Best known for portraying rebellious, anti-hero characters who challenged the status-quo, “The King of Cool” made most of his best and most memorable films throughout the 1960s and ’70s — decades coinciding with some of the last century’s most iconic automobiles. Check out this shortlist of the most memorable McQueen movie cars.
Myers Manx (The Thomas Crown Affair, 1968)
Knowing how well the Myers Manx dune buggy performed on the beach, Steve McQueen decided he wanted to use one for the beach racing scenes in this famous movie with co-star Faye Dunaway. (The script originally called for a Jeep.) The Thomas Crown Affair helped skyrocket the popularity of dune buggies. McQueen helped customize the car he called the “Queen Manx” and performed all the beach driving stunts in the film.
1968 Ford Mustang Fastback GT (Bullitt, 1968)
One of the greatest action films of the 1960s, Bullitt also contains a 10-minute sequence many consider “the granddaddy of all movie car chases.” The Mustang McQueen’s character drove during filming survived production and later was sold (twice) for a pittance. In 1977, three years before dying of cancer, Steve McQueen supposedly tried to buy back the car and was refused by the current owner who has never publicly shown the car and has repeatedly refused to reveal its current whereabouts.
Porsche 917K (Le Mans, 1971)
There are so many cool little factoids about this epic race film it’s hard to know where to begin. For starters, McQueen was deeply into real, live auto racing by this point in his life. (At the legendary 1970 12 Hours of Sebring Race, the actor partnered with co-driver Peter Revson and raced with a broken left foot in a cast against racing great Mario Andretti.) Shot live at the actual 1970 24 Hours of Le Mans where McQueen’s movie production company entered the now iconic Porsche 917K seen in the film, Le Mans set the standard for every racing movie since.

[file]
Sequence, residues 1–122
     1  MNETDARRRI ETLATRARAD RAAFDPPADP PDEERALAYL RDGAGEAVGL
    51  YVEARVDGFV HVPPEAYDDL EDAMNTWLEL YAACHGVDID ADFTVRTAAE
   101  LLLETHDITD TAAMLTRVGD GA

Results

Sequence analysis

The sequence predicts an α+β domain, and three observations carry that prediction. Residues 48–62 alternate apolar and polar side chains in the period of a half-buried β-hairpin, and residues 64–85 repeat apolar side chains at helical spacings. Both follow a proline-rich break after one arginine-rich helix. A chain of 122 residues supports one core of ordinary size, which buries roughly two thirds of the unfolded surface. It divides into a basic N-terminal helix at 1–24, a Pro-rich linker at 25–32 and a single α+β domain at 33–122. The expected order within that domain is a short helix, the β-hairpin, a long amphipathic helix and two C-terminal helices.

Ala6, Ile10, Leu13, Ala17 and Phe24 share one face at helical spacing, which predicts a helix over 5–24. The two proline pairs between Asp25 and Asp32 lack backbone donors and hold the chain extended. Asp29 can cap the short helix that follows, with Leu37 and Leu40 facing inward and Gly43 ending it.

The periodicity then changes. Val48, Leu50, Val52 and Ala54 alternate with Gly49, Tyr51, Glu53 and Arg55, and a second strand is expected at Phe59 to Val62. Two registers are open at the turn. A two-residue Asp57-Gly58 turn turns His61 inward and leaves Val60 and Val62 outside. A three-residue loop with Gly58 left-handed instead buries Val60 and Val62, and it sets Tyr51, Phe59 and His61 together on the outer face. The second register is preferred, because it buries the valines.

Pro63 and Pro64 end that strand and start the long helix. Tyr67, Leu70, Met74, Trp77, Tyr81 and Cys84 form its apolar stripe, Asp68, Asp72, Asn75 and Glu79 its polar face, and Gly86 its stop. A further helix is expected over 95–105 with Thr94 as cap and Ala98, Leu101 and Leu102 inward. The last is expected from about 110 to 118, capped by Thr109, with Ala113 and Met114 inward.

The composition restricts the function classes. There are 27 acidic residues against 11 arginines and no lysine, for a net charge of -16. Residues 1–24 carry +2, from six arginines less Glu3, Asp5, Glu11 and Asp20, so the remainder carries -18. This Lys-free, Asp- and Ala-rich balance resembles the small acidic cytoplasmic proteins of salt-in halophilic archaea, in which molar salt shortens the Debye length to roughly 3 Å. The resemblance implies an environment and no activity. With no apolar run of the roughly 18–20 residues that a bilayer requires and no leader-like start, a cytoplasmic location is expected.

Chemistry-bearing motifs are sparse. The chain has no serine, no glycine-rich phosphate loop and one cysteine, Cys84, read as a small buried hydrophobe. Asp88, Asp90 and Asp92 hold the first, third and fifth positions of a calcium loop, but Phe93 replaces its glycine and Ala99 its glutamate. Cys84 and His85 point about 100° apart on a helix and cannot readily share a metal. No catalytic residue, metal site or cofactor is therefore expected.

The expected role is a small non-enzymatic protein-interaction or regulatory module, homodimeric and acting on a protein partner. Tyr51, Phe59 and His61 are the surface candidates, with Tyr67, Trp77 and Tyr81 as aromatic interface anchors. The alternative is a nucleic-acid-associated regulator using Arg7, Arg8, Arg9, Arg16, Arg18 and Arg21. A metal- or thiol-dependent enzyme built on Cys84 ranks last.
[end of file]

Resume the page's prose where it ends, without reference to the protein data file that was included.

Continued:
1969 Chevrolet Impala (The Getaway, 1972)
Though the film strangely lacks a true car chase scene, Steve McQueen and co-star Ali MacGraw are nonetheless in and out of a lot of different cars in this early ’70s action-crime film. Owing to the fact that there seemed to be at least one on every American city street in 1972, this Impala is one of the most easily identifiable.
1951 Chevrolet Styline De Lux Convertible (The Hunter, 1980)
A movie based on the real life of bounty hunter Ralf “Papa” Thorson, this sometimes-comedic thriller was McQueen’s last role. Although never a box-office success, the film has a number of memorable car scenes — the Trans-Am-versus-combine-harvester-in-a-cornfield scene comes immediately to mind. But arguably the coolest car was this classic convertible that embodied the simple, old-fashion ways of the main character played by McQueen. After filming ended in 1979, McQueen bought the Chevrolet, which remained in his collection even after his death a year later. The car most recently sold in 2013 for $84,000 at an Auctions America event.